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The Comparative Economics of Knowledge Economy in Africa: Policy Benchmarks, Syndromes and Implications

Asongu, Simplice (2015): The Comparative Economics of Knowledge Economy in Africa: Policy Benchmarks, Syndromes and Implications. Published in: Journal of the Knowledge Economy (July 2015)

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Abstract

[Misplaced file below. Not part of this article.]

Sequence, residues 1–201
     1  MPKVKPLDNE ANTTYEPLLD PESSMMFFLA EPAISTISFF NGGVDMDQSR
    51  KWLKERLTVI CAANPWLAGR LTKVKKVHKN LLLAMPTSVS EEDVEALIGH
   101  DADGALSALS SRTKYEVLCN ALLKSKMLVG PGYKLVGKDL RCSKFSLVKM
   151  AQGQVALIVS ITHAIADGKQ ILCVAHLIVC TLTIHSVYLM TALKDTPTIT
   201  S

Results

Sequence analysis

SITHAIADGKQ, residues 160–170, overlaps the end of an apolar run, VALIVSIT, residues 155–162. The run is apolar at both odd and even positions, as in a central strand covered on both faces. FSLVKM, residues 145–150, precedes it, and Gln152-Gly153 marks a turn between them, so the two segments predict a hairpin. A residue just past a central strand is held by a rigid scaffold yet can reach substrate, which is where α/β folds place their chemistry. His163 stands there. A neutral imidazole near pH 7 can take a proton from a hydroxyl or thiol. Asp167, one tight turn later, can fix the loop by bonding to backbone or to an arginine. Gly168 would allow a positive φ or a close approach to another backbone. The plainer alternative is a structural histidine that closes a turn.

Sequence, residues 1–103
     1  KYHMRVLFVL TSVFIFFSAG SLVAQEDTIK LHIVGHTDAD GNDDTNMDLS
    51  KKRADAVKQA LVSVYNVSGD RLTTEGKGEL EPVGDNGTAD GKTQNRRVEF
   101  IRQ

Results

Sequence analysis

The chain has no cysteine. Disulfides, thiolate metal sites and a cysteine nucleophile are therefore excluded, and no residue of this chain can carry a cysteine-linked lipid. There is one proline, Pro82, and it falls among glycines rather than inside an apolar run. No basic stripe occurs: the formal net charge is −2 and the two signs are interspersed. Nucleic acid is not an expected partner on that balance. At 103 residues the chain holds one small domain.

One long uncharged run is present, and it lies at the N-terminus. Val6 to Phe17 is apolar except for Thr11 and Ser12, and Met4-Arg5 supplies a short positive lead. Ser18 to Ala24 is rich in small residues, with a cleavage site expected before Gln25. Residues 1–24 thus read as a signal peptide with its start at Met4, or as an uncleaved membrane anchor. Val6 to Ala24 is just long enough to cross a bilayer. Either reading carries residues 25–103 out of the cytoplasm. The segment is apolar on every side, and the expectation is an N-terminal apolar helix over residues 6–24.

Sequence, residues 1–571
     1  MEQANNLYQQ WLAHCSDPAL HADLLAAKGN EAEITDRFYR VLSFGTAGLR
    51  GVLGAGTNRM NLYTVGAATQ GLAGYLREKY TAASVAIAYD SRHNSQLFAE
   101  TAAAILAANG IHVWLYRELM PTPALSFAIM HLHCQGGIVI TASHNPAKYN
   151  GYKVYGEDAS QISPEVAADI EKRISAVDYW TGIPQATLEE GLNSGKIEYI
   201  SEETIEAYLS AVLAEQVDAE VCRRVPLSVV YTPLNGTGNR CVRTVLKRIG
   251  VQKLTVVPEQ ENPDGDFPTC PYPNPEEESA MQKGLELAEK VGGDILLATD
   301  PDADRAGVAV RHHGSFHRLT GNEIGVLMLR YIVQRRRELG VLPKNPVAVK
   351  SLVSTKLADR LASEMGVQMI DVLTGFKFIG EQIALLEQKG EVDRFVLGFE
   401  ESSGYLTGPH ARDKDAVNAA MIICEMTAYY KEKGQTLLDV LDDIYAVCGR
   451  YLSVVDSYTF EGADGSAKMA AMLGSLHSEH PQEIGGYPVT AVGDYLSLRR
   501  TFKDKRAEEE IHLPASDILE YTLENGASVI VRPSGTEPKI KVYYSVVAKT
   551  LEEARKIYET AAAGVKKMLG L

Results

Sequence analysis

The paper complements the scarce literature on knowledge economy (KE) in Africa by comparing KE dynamics within Africa in order to assess best and worst performers based on fundamental characteristics of the continent’s development. The five dimensions of the World Bank’s knowledge economy index (KEI) are employed, notably: education, information and communication technology, innovation and, economic incentives and institutional regime. The empirical evidence is based on a five-step novel approach with data from 53 African countries for the period 1996-2010. Limitations of the beta catch-up approach are complemented with the sigma convergence strategy. Based on the determined fundamental characteristics, computed dynamic benchmarks, policy syndromes and syndrome free scenarios we establish that: Landlocked, Low-income, Conflict-affected, sub-Saharan African, Non-oil-exporting and French civil law countries are generally more predisposed to lower levels of KE whereas; English common-law, Notlandlocked, Conflict-free, North African and middle-income countries are characteristics that predispose certain nations to higher KE. Broad and specific policy implications are discussed in detail.

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